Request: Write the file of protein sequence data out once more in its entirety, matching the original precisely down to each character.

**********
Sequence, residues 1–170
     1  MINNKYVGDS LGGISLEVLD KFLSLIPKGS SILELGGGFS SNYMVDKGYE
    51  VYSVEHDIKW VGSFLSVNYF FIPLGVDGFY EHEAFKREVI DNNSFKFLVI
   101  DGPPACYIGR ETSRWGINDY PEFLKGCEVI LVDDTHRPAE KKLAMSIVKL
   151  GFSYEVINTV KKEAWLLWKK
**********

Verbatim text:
Sequence, residues 1–170
     1  MINNKYVGDS LGGISLEVLD KFLSLIPKGS SILELGGGFS SNYMVDKGYE
    51  VYSVEHDIKW VGSFLSVNYF FIPLGVDGFY EHEAFKREVI DNNSFKFLVI
   101  DGPPACYIGR ETSRWGINDY PEFLKGCEVI LVDDTHRPAE KKLAMSIVKL
   151  GFSYEVINTV KKEAWLLWKK